Eleven people in New Hampshire likely will die from COVID-19 on April 21, the peak day for such deaths in the state, according to projections released this week by a university-affiliated research center.
On that day, less than three weeks away, the state will be short 81 intensive care beds, according to the projections by the Institute for Health Metrics and Evaluation, an independent global health research center at the University of Washington. It also said that 131 invasive ventilators will be needed.
On Tuesday, the state Department of Health and Human Services reported 53 new cases, bringing the state’s total to 367. There were no new deaths.
In the Institute for Health Metrics and Evaluation’s report, director Christopher J.L. Murray wrote, “In addition to a large number of deaths from COVID-19, the epidemic in the U.S. will place a load well beyond the current capacity of hospitals to manage, especially for (intensive care unit) care.”
By early August, 337 New Hampshire residents will have died from the pandemic, the institute predicts.
The projected toll takes into account the trajectory of COVID-19 cases and the capacity of hospitals to handle a surge in patients.
New Hampshire officials have resisted giving hard numbers. For example, last week, Health and Human Services Department spokesman Jake Leon said state officials expect to need an additional 1,700 to 1,900 beds.
But he did not estimate how many people will have the disease or die from it. He said then that it was too early to know what the ultimate need will be.
New Hampshire had only three deaths as of Tuesday, according to state officials. Vermont, which has reported slightly fewer cases of COVID-19 than New Hampshire, had 13 deaths.
Meanwhile, the New Hampshire National Guard announced on Monday that it has activated 45 guardsmen and will have nine medical surge facilities in place around the state by the end of this week.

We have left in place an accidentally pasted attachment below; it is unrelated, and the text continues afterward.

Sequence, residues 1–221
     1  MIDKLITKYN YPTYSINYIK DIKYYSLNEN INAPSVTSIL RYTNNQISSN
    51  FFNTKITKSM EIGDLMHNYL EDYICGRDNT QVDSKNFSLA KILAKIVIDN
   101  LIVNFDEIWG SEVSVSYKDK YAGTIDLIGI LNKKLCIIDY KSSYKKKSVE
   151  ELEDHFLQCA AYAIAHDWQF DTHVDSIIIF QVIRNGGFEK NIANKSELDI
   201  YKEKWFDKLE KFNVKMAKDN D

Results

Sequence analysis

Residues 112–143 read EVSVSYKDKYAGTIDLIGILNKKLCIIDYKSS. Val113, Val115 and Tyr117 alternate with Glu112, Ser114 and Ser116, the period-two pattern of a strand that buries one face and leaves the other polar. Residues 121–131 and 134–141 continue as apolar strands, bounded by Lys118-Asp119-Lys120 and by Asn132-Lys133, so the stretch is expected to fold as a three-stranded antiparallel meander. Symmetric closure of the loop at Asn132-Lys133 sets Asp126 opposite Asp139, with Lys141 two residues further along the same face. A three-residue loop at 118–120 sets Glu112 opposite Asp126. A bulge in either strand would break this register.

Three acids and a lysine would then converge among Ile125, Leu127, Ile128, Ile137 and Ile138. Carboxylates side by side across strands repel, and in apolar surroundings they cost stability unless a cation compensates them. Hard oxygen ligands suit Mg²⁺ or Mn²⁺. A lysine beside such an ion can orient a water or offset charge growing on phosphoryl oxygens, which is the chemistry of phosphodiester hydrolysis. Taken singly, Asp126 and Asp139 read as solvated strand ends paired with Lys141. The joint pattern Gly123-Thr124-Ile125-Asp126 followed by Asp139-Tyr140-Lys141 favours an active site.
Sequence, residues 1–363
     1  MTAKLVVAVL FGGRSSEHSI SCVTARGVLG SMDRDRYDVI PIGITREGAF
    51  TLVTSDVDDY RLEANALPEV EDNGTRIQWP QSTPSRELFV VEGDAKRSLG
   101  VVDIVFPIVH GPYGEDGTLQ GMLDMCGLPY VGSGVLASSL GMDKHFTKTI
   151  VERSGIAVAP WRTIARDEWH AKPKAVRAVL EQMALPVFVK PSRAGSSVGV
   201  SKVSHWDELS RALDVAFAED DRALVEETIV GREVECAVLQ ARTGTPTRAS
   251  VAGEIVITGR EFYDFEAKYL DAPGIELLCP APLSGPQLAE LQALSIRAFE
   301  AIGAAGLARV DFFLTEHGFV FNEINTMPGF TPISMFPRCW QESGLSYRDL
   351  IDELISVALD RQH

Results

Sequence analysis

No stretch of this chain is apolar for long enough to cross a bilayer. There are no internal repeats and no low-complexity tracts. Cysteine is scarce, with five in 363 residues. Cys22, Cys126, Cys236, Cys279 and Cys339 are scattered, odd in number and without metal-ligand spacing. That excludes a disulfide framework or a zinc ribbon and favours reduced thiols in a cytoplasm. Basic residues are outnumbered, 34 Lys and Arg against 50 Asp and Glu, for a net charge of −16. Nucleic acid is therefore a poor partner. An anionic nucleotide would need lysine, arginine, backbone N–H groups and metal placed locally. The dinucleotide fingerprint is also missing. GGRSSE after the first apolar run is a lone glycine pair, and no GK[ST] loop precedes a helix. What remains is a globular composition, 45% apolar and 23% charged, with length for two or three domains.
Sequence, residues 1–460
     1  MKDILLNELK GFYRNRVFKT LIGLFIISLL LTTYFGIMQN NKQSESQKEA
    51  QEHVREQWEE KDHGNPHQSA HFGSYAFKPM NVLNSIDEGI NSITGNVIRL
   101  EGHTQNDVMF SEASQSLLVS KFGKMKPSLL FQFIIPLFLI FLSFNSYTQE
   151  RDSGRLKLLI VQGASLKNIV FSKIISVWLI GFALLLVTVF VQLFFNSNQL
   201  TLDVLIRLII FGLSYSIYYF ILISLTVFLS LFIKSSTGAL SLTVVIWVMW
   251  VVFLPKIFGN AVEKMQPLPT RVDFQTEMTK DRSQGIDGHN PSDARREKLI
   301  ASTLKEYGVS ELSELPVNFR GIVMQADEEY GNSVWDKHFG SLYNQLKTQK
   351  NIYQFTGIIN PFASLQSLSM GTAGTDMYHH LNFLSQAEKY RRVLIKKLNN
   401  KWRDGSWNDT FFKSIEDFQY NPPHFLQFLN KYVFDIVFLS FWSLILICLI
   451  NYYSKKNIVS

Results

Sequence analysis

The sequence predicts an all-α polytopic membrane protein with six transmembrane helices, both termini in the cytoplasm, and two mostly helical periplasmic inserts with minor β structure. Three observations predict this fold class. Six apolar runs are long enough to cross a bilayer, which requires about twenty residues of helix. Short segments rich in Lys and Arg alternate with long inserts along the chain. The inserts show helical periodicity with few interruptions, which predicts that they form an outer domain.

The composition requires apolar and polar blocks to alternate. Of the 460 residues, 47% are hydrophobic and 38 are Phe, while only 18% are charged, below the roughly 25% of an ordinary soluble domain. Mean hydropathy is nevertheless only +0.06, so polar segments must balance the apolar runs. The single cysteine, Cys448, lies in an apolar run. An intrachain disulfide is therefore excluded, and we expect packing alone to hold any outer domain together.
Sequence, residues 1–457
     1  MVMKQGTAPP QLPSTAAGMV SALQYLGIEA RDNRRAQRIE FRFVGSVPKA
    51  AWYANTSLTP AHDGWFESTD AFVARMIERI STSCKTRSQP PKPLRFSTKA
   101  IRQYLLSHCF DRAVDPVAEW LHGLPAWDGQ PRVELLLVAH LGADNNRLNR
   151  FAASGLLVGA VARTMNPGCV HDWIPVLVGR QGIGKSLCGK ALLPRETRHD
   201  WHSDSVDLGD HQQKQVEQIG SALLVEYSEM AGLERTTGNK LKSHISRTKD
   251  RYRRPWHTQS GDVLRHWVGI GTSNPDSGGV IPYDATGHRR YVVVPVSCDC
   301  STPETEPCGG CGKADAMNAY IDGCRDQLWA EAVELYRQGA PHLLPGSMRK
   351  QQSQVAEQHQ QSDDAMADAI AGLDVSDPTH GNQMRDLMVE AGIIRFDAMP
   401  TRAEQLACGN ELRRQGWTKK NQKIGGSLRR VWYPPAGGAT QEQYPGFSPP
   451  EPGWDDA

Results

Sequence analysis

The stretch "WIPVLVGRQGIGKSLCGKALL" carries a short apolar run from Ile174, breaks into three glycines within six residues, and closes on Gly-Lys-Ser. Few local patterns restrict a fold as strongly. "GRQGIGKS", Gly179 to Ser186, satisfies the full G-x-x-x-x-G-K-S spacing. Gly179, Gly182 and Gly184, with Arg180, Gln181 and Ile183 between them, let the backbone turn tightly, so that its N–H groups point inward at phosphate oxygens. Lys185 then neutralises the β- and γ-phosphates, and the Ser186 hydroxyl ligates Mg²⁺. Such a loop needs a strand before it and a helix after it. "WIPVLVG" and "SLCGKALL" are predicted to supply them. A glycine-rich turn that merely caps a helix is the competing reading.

The facilities — in Manchester, Durham, Keene, Concord, Plymouth, Littleton, Lebanon and two in Nashua — will provide up to 1,600 beds for patients infected with COVID-19.
The Guard also is working with hotels and others in the hospitality industry to identify lodging for first responders, health care workers and people displaced by the crisis, it said.
The institute’s projections, broken down by state, estimates there will be 83,967 COVID-19-related deaths nationwide by Aug. 4.
That is lower than the White House task force’s most recent projection of 100,000 to 240,000 total deaths nationwide, though the task force specifies no time frame.
Like the institute, the task force’s projection is based on expectations that social distancing and other preventive measures will be maintained and be successful.
On its website, the institute said it used data on confirmed COVID-19 deaths from World Health Organization websites and local and national governments.
It forecast deaths and hospital use based on COVID-19 data from select locations.